Researchers tested to see whether politicians changed their prior beliefs in the face of overwhelming evidence, and the results were pretty depressing.
The study, published in the British Journal of Political Science, set out to answer two questions: Does evidence help politicians make informed decisions, even if it challenges their beliefs? And does providing more evidence increase the likelihood of politicians accepting that evidence?
Julian Christensen, a political science researcher at Aarhus University in Denmark, wasn’t particularly surprised to find that a politician’s prior belief affects how they interpret factual information—that much has been shown before. But he was taken back when he saw that politicians doubled down when they were given even more evidence that goes against their prior beliefs. “That was a surprise for us,” he says, adding, “It’s also kind of depressing.”
For the study, Christensen and a group of Danish researchers enrolled 954 Danish politicians from local government to participate in a series of experiments. At the heart of the study was a particularly thorny political debate: The role the private sector should play in the delivery of public services. While some politicians maintain that the public sector is the best supplier of public services, others argue that private contractors deliver services more efficiently. The politicians were randomly assigned to different groups.
In a series of experiments, politicians were given raw data and asked to evaluate a private or public service. The researchers used three examples; a school, road maintenance, and a rehabilitation centre. In the first experiment, researchers were asked to look at surveys of parent satisfaction from two schools—a private school and a public school. In one group, parents were more satisfied with the service provided in the private school, while in the other, parents were more satisfied with the public school. There was also a placebo group, where participants were asked which school was providing the better service, school A or B (there was no mention of it being a private or public school). Researchers carried out the same experiment with another group of politicians, but this time on something less contentious in policy making—road maintenance. Christensen point out that during both experiments, the “information is quite unambiguous.”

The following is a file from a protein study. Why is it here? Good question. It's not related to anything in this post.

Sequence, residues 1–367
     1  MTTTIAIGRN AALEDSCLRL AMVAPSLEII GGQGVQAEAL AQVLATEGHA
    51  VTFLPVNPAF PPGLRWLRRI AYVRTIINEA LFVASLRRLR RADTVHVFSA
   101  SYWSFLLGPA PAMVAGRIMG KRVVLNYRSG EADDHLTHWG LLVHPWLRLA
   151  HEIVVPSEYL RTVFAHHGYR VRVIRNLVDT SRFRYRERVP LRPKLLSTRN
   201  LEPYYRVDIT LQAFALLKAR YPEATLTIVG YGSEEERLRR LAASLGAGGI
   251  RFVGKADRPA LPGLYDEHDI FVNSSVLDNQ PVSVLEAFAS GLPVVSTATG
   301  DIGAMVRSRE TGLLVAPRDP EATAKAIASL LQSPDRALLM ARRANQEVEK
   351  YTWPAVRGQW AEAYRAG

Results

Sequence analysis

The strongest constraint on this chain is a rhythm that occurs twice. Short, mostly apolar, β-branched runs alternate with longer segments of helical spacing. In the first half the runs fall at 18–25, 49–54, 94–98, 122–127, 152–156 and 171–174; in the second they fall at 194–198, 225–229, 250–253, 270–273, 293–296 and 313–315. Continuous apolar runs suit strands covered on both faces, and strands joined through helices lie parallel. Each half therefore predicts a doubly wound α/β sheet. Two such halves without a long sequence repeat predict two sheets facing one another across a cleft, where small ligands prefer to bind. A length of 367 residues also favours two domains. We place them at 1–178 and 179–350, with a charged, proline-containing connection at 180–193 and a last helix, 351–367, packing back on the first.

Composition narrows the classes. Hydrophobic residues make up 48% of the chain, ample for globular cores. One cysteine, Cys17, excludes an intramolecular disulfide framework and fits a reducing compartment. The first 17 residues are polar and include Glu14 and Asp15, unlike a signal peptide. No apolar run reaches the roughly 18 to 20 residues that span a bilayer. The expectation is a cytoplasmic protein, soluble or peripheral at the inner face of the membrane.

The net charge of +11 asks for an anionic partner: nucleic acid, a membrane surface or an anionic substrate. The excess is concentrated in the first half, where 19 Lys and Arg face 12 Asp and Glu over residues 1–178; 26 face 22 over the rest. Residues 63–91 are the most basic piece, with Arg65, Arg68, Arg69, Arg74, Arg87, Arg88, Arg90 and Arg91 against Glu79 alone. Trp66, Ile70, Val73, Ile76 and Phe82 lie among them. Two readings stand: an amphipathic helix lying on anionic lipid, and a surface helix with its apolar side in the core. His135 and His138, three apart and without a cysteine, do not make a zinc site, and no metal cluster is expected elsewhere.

Despite this, the findings showed that when politicians were asked to evaluate the information, around 84% to 98% of politicians that received information that fit their prior belief interpreted the information they were given correctly. However, politicians who received information at odds with their beliefs correctly interpreted the information correctly only 38% to 61% of the time.
For the third experiment, researchers provided politicians with a table that showed the number of patients who had cruciate ligament injury who went on to receive treatment at either a private or public rehabilitation centre. Depending on which group the politician was put in, there were either more patients fully recovered from the public rehabilitation center or vice versa. Looking at the data, the politician were then asked which service performed better. Researchers then provided even more information on the rehabilitation centres; showing data on how patients recovering from ankle-stabilizing operation, fracture in the elbow, wrist operation, and shoulder arthroscopy. This time, the findings showed that politicians were more likely to double down on their previously held belief when presented with mounting evidence to the contrary.
This wasn’t just an issue that affected the right or the left. The tendency to interpret evidence so it fits with previously held beliefs was true of politicians across the political spectrum. That said, Christensen found “people with more extreme views are more affected,” as “it’s more important for them to defend their attitudes.”
While the results were illuminating, they may have been influenced by the fact that participants were told the evidence they were being given was fake. “For ethical reasons, and to avoid confusing the suppliers with real organizations, we made it clear in the introductory text to the experiments that the information was fictitious,” researchers note in the study. Given this, it’s possible, of course, that the politicians participating in the study may have been skeptical of the data presented to them.
Are politicians any different from the general population? Christensen was keen to stress that “we see the same basic pattern among citizens as well.” When researchers ran the same experiment with over 1,000 ordinary Danish citizens, the findings were similar. “Politicians are human beings” Christensen says, and just like every other person, “they are effected by their attitudes when they approach factual information.”